“The EU decision to ban Hezbollah’s ‘military wing’ is an important first step, but it is not nearly enough,” B’nai B’rith International President Allan J. Jacobs said. “The distinction between Hezbollah’s ‘military’ and ‘political wing’ has been contrived—it’s a distinction unrecognized by Hezbollah itself. Without an across-the-board designation blacklisting the entirety of Hezbollah, this could prove to be only little more than a symbolic move without the power to significantly curtail the operations of the terrorist organization.”
After an investigation by Bulgarian officials confirmed Hezbollah was behind the bombing of a bus in Burgas, Bulgaria, one year ago, which killed six individuals (including five Israelis) and injured 32 others, the EU designation is an important, official acknowledgement of the terrorist priorities of Hezbollah. However, by distinguishing between Hezbollah’s “military” and “political wings,” the European Union has conferred legitimacy to the organization’s political operations, unless it moves forward and bans the political branch as well.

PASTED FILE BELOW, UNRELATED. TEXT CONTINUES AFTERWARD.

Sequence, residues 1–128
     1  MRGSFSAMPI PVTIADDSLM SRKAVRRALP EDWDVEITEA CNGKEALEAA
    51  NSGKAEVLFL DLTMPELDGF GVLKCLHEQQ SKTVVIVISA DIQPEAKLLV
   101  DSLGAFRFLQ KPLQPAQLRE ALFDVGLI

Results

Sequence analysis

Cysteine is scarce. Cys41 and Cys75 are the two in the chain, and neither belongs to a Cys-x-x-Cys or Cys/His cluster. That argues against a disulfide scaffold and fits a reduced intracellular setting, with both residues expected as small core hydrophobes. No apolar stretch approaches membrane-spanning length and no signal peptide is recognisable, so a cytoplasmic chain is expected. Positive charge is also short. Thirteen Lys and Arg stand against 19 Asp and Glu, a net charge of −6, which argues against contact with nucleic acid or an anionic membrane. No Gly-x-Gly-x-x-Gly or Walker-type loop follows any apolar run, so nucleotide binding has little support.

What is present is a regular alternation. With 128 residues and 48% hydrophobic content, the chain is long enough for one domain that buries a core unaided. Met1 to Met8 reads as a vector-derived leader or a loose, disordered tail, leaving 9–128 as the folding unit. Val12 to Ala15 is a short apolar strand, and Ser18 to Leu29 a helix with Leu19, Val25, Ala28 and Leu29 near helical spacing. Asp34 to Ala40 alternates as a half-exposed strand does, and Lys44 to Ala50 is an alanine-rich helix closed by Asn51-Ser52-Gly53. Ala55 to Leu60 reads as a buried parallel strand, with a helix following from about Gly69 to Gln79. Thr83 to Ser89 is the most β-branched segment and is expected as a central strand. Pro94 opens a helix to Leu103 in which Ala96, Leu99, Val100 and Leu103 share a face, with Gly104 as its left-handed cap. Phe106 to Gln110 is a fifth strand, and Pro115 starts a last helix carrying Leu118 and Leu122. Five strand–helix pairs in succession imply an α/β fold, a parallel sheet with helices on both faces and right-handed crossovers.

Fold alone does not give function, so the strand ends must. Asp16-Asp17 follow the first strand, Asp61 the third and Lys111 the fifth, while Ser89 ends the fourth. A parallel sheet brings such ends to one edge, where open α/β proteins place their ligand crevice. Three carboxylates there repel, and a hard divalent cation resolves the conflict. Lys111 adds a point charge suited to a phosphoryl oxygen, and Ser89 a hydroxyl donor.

It is unclear what impact this designation will have on Hezbollah’s ability to carry out its terrorist atrocities. A partial ban will likely prove ineffective at preventing future terrorist attacks like the one in Burgas, especially since Hezbollah’s political leadership also directs the military and terrorist operations. With legitimacy within Europe, the political branch of Hezbollah can continue to raise funds, recruit, acquire technological training and materials, and broadcast incendiary propaganda through such media as its Al-Manar television station, all of which could inevitably serve to support Hezbollah-backed acts of terror.
“The European Union needs to ensure that this first step of blacklisting the ‘military wing’ of Hezbollah is just that—a first step,” B’nai B’rith International Executive Vice President Daniel S. Mariaschin said. “Without a similar designation to the ‘political branch,’ Hezbollah will likely be able to continue business as usual, drumming up political and financial support across Europe unfettered. This designation is important, but, unless the European Union is willing to do more, it very well could be a feckless move.”